The modern man in this present decade of the second half of the 20th century is greatly in need of an effective guide to light. He is groping. He sees only problems everywhere and no solutions are to be found anywhere. He does not know which way to turn, what course to adopt and how to move towards a better state of things. Therefore, his life is filled with restlessness, unhappiness and complication. The Bhagavad Gita contains words of wisdom and practical teachings that contain the answers to the above-mentioned condition of the present-day individual.
The Bhagavad Gita is a message addressed to each and every human individual to help him or her to solve the vexing problem of overcoming the present and progressing towards a bright future. This holy scripture is not just an “old scripture”, nor is it just a book of “religious teachings”, nor even a Hindu holy book. It transcends the bounds of any particular religion or race, and is actually divine wisdom addressed to mankind for all times, in order to help human beings face and solve the ever-present problems of birth and death, of pain, suffering, fear, bondage, love and hate. It enables man to liberate himself from all limiting factors and reach a state of perfect balance, innerstability and mental peace, complete freedom from grief, fear and anxiety. Within its eighteen chapters is revealed a human drama. This is the experience of everyone in this world, the drama of the ascent of man from a state of utter dejection, sorrow and total breakdown and hopelessness to a state of perfect understanding, clarity, renewed strength and triumph. Each discourse holds for you an invaluable new lesson and imparts a new understanding of yourself in a marvellous way.
The mystery of man, this world and God, is explained as perhaps nowhere else. The workings of your mind—the real problem to your welfare and happiness—how to overcome it, what the path to blessedness is, as also the path to perdition, the secret of self-mastery and the way to peace amidst your daily activities and duties—all these and more you
will find in this great treasure. It is yours by which to enrich your life. To the Western reader I would suggest that he carefully reads through the entire book once. Then he should commence it a second time. Upon the second reading he should adopt the method of
selectivity, not in reading but in what he takes from it. Such things as seem to be particularly Hindu and therefore, perhaps, not acceptable to him as a person of another faith, he can just pass by without being perturbed. But everything else that is of a purely philosophical, psychological, ethical and psychical nature,—all these he can grasp and assimilate fully. He will be wonderfully enriched and supremely blessed. His life will become new from that moment. All clouds will vanish. Light will fill the heart and mind. I assure him of this. This is the Gita. I commend this wonderful gift of God unto every man and woman, towards his or her supreme blessedness and highest welfare.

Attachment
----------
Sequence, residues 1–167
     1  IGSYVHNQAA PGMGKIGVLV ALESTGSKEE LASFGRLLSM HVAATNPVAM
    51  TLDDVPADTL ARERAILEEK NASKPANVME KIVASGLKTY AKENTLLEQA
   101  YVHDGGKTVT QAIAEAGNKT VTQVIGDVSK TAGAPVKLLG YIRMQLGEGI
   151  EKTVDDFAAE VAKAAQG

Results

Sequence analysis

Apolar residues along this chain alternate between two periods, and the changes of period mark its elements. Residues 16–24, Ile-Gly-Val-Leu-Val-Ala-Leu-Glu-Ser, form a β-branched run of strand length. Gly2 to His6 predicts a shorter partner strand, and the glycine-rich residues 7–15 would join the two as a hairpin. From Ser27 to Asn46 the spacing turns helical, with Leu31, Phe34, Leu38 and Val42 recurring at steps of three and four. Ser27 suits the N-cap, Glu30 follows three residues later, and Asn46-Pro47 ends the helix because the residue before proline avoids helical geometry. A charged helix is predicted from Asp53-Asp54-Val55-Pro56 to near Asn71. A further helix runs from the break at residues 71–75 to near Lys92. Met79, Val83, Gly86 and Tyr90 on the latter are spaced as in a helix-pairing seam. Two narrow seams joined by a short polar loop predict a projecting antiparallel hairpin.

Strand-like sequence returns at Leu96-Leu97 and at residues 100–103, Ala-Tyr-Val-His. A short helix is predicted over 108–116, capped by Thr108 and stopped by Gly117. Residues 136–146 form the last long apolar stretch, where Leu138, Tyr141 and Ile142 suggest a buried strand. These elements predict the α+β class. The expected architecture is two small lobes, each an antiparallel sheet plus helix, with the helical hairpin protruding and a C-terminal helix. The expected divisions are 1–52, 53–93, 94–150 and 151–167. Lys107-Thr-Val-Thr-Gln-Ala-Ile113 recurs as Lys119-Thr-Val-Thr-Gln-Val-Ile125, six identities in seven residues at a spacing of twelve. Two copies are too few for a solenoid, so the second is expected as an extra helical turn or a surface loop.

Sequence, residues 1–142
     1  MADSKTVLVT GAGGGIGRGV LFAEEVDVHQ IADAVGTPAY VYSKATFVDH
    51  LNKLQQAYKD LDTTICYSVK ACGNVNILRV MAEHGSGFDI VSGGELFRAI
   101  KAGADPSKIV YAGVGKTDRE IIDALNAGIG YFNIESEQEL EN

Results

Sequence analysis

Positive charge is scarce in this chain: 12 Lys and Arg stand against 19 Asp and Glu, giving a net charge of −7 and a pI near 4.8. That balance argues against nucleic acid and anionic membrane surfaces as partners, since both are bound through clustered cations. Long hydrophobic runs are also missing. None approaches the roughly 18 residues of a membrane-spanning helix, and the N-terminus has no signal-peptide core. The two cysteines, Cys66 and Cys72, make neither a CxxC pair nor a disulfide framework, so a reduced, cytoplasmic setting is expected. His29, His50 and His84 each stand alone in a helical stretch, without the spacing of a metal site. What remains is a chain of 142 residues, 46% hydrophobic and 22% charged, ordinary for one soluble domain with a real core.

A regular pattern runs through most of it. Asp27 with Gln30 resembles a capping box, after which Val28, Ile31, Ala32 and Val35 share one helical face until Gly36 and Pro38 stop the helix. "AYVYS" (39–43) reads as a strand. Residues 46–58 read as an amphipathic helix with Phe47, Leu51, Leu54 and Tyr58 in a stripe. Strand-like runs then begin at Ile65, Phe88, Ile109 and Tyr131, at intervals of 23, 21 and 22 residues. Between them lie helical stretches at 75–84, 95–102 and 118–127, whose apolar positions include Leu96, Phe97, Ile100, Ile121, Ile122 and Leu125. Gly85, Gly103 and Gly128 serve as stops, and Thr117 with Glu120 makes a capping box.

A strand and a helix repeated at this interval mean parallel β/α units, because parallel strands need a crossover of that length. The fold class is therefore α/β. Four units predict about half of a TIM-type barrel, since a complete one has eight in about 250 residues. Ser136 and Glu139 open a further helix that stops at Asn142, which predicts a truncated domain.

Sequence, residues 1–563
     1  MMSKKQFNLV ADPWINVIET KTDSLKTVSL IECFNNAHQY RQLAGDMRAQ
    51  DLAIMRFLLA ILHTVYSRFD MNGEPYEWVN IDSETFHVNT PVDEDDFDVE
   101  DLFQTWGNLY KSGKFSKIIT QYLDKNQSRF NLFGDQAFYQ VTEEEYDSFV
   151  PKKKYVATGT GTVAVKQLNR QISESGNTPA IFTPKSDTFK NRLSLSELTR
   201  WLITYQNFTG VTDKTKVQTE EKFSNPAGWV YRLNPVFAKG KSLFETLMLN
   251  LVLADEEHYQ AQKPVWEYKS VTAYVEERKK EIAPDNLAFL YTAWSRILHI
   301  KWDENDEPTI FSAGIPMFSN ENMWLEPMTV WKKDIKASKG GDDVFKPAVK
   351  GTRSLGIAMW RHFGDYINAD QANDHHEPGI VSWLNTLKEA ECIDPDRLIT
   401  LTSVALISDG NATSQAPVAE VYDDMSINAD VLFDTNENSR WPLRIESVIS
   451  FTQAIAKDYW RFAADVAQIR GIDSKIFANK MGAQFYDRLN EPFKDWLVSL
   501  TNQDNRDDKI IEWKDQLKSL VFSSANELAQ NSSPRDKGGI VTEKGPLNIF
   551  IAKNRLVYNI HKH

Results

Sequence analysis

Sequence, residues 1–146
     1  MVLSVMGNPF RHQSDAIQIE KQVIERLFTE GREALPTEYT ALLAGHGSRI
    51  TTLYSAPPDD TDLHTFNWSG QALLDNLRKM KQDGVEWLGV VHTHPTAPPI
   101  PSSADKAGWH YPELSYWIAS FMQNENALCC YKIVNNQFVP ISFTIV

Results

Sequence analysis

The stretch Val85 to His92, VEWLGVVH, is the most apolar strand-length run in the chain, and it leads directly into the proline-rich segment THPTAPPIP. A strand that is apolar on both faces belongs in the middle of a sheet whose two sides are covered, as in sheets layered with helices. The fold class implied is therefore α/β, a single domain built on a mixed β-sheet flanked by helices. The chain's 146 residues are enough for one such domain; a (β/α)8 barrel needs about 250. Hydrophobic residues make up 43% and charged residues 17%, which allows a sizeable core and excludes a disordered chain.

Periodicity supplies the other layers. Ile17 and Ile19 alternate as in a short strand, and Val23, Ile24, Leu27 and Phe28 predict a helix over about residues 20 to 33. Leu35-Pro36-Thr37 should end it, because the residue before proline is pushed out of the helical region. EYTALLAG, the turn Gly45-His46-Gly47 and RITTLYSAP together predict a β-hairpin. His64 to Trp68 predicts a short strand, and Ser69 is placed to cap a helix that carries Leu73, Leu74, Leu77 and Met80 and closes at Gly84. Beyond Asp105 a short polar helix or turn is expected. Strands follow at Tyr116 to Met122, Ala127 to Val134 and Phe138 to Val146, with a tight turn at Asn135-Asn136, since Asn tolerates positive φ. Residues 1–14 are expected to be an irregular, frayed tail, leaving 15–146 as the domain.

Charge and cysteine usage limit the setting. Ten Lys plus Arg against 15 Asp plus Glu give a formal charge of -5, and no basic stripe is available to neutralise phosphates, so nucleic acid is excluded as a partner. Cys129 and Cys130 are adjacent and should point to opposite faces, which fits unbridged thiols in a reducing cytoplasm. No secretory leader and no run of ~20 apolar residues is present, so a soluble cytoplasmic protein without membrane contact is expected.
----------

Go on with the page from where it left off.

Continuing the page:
10th July, 1968 (Guru Purnima)
During the centuries in which Buddhism was establishing itself in the east of India, the older Brahmanism in the west was undergoing the changes which resulted in the Hinduism which is now the prevailing religion of India. The main ancient sources of information with regard to these Hindu beliefs and practises are the two great epics, the “Ramayana” and the Maha Mahabharata. The former is a highly artificial production based on legend and ascribed to one man, Valmiki. The latter, a “huge conglomeration of stirring adventure, legend, myth, history, and superstition,” is a composite production, begun probably as early as the fourth or fifth century before Christ, and completed by the end of the sixth century of our era. It represents many strata of religious belief.
The Bhagavad-Gita,” of which a translation is here given, occurs as an episode in the Maha-Bharata, and is regarded as one of the gems of Hindu literature. The poem is a dialogue between Prince Arjuna, the brother of King Yudhisthira, and Vishnu, the Supreme God, incarnated as Krishna, and wearing the disguise of a charioteer. The conversation takes place in a war-chariot, stationed between the armies of the Kauravas and Pandavas, who are about to engage in battle.
To the Western reader much of the discussion seems childish and illogical; but these elements are mingled with passages of undeniable sublimity. Many of the more puzzling inconsistencies are due to interpolations by later re-writers. “It is,” says Hopkins, “a medley of beliefs as to the relation of spirit and matter, and other secondary matters; it is uncertain in its tone in regard to the comparative efficacy of action and inaction, and in regard to the practical man’s means of salvation; but it is at one with itself in its fundamental thesis, that all things are each a part of one Lord, that men and gods are but manifestations of the One Divine Spirit.”